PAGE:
It’s nearly a year since I started this blog, and looking back over the range of posts covered, I’m startled by the variety of themes covered, from riding to family history, to Jubilee celebrations, to ‘going grey’.
Does this mark me out as a shallow butterfly? Or as a woman of many parts? (some of which are going grey). Well, I’ve always written on a spectrum of topics in my books, but the majority have been subjects close to my heart. They’ve been voyages of exploration that I’ve undertaken, sometimes for a particular length of time: my journeys to Russia, fifty-nine in total, took over my life for twelve years.
But there are deep threads that bind this together, and make a whole out of what might seem at first glance to be a disparate collection of subjects. Ancient traditions, and the myths of different cultures and religions have always been at the heart of my interests, along with folk lore, and personal narratives. Even as a sixteen-year-old I was plundering the Birmingham Reference Library for undiscovered folk songs in my spare time (how sad is that?), so I reckon I can claim that it’s ingrained! Methods of developing personal spirituality have been a part of my life since I was twenty: meditation, the cosmic ‘map’ of the Kabbalistic Tree of Life, and the symbolism of alchemy all arrived on the horizon at about that time. Anything learnt and distilled from these traditions does, I hope, feed into what I write and how I teach, in terms of experience and little drops of wisdom that I’ve been given over the years. If spirituality remains completely apart from everyday life and work, it’s not doing its job.
Well, this is turning out to be more serious than I intended! What about the writer who tackles Princess Diana, internet dating, and the social history of shops? One thing leads to another, is all I can really say. Each has a story, and you may find the ‘back story’ in the books. But I only ever tackled one book whose subject held no interest for me (it shall not be quoted here) and it taught me a lesson. If I can’t work up any genuine enthusiasm for a project, best leave it alone, however tempting the offer may be. Though, believe me, for writers, really tempting financial offers are rare – so there’s not usually too much of a dilemma on that score. I love what I write about. But also, the moment may pass, and other themes may start to fire up my imagination. The Russian traveller has come in from the cold.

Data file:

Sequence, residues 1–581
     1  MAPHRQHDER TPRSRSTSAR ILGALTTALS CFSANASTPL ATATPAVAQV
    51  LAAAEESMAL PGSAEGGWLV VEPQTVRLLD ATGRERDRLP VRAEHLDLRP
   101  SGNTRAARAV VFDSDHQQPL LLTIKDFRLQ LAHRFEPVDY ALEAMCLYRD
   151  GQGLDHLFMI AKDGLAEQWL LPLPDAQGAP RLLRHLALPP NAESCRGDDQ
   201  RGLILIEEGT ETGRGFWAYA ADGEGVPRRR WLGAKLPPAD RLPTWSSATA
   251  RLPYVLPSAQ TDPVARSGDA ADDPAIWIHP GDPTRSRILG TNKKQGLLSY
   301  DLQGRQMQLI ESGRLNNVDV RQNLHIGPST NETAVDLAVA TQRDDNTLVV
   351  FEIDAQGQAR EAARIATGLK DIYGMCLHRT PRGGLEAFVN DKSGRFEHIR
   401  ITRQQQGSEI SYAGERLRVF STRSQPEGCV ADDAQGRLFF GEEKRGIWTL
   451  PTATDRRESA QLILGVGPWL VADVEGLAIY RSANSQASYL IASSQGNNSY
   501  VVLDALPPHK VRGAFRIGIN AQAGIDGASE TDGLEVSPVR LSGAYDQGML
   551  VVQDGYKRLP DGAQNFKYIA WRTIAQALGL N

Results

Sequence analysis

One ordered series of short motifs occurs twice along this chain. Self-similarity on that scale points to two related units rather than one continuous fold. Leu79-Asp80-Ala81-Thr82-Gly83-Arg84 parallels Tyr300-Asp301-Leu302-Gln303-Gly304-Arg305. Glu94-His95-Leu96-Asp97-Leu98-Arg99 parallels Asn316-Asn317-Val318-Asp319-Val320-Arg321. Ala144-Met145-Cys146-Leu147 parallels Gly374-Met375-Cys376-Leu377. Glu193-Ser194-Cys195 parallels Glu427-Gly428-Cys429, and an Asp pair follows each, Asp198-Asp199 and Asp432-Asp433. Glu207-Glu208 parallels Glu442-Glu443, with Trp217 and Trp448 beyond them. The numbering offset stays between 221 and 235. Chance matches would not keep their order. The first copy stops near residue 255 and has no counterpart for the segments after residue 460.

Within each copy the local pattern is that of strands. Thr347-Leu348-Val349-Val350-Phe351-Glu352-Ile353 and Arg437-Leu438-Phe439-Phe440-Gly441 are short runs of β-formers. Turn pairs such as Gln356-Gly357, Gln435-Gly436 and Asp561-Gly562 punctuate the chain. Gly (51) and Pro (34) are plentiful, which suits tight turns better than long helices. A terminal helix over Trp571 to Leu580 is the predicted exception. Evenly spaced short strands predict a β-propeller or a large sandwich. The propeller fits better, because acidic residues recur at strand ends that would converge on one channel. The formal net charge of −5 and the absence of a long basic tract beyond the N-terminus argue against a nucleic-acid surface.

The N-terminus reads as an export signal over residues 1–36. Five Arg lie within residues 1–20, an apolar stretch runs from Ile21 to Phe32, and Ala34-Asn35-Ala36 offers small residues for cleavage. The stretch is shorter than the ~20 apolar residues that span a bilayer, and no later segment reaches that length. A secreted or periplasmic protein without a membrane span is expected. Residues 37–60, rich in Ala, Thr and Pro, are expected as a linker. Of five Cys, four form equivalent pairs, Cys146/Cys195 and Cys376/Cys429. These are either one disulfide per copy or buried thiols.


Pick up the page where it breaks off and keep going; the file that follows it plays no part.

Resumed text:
Sometimes a writer is expected to be a fountain of knowledge on everything she has ever written. The truth is that once it’s down on the page, it may disappear from the mind. I use my own books sometimes for reference. I was heartened to hear Peter Ackroyd, the noted biographer, say that he moves on with every new book:
‘Once the book is completed I tend to lose interest in it, it’s despatched into the world…I try not to pay much attention to it after its birth in the world… It’s just a question of moving on to the next thing.’
(Interviewer) ‘And do you remember what you’ve researched…?’
’No, I can’t remember at all… It all has to be evacuated in order to make room for the next subject, otherwise my head would be a sort of bedlam of voices characters and which it would be very difficult to control or discipline.’
Peter Ackroyd talking to Kirstie Young on Desert Island Discs Fri 25th May 2012
Oh Peter, I’m with you there!
So, to return to my theme, or my multitude of themes, I’m going to term myself a Kaleidoscope Blogger. Lots of pretty pieces which are forever shifting around, but which can come together to show a pattern. A true kaleidoscope image has a centre, and a symmetry. You can combine the pieces in an almost infinite number of ways, and come up with a different image each time. Order, chaos, colour.
Stay with me! There will be more to come. I may surprise you – and myself – with my next blog.